While at Punchbowl we went up to an overlook and our tour leader, Pat, pointed out Honolulu sites. She pointed out how much Honolulu has developed over the past 40 or so years. One of the couples on the tour had been to Honolulu in the 60's and remembered being at the overlook but were amazed how much Honolulu had grown. They didn't remember any high rise buildings. Most of the development was along the waterfront. Now all the land is filled in between the water and the mountains - and even up the mountains in some places.
The distinctive rock formation overlooking Honolulu, Diamondhead, is actually a part of the crater from an extent volcano. Hiking trails lead up to and along the top of the craters. Some of the most expensive houses in the islands are just below Diamondhead - in the area they call "Diamondhead". We were driven through it on the way to one of our excursions. Some of the houses selling for several million dollars there could probably be had in Columbus for $500K. Its just location, location, location.
The Hawaii Statehouse is unlike any other statehouse I have seen. It has no dome!
Our hotel was old but still very nice. At one time it would have been beachfront but newer and taller hotels have been built over the years between it and the water. My room had a balcony but looked across the street to another hotel and apartment building. It was still in a very convenient location.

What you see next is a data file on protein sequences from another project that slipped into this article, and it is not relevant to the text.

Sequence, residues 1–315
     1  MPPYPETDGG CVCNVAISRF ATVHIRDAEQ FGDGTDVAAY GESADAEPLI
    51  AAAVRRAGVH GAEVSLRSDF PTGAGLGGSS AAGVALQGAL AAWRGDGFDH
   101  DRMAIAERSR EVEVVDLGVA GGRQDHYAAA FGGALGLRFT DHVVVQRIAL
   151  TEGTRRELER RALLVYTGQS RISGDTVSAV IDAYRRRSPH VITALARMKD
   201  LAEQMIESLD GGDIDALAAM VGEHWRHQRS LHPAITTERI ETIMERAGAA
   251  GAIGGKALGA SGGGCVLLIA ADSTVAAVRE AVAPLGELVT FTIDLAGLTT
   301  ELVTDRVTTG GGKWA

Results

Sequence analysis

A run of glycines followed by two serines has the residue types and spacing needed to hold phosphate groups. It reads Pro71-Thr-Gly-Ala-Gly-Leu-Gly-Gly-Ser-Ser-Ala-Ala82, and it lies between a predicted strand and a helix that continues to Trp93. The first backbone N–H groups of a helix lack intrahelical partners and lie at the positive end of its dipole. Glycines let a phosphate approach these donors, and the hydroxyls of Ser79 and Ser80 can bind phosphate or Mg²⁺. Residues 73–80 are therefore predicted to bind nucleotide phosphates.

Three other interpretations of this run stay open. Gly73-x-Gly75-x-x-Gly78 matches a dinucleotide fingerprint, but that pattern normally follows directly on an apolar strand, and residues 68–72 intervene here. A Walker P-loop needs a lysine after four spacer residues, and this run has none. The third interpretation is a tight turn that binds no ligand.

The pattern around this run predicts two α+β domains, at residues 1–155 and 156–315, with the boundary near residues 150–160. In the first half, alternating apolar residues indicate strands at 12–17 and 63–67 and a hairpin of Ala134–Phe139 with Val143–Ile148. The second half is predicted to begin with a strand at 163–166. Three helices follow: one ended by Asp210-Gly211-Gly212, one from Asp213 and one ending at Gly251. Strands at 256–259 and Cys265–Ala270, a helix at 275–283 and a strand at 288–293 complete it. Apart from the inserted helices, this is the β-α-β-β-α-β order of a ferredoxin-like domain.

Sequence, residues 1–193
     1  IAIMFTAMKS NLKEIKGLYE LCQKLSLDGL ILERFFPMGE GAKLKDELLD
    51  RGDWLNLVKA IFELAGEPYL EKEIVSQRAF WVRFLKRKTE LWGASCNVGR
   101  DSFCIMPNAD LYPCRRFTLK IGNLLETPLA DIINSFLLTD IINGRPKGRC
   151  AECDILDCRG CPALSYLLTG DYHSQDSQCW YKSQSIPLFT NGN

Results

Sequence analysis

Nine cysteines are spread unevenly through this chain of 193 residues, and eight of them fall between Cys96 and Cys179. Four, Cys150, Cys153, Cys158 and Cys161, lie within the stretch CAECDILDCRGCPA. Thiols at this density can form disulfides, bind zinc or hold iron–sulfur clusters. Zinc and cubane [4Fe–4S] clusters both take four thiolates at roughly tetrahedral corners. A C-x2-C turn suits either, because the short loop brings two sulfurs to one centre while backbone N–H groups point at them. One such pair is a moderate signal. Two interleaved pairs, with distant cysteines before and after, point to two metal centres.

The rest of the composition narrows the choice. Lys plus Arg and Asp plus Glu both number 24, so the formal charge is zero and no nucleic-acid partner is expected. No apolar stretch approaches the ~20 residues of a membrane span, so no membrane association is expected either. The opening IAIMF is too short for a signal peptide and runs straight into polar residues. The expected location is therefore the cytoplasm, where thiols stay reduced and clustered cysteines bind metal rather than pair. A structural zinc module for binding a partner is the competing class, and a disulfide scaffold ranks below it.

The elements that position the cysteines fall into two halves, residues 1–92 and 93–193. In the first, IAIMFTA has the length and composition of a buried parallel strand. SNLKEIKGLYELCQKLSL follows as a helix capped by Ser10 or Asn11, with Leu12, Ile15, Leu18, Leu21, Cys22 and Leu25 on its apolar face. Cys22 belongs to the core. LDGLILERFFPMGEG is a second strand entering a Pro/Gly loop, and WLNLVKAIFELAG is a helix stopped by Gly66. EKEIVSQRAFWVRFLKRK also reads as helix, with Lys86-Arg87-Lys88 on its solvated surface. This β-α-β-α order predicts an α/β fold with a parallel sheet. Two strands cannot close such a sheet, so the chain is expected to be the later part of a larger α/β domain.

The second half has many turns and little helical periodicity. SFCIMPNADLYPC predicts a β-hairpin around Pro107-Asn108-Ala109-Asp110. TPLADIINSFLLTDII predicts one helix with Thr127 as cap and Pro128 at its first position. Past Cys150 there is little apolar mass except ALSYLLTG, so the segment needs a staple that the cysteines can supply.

One morning I took a walk in a drizzle along the beachfront. There are several sculptures along the beachfront park recognizing famous Hawaiians. One of them is of the famous surfer "Duke" Kahanamoku. He was also an actor. He greatly increased the popularity of surfing and was a 5 time Olympic medalist in swimming appearing in the 1912, 1920 and 1924 Olympics. He is very beloved by Hawaiians.
Like all large US cities Honolulu has its share of problems. Homelessness seems even more prevalent than in most large cities I've been in. Hawaii accuses mainland cities of giving their homeless one way tickets to Hawaii. Everyone wants a chance to come to paradise.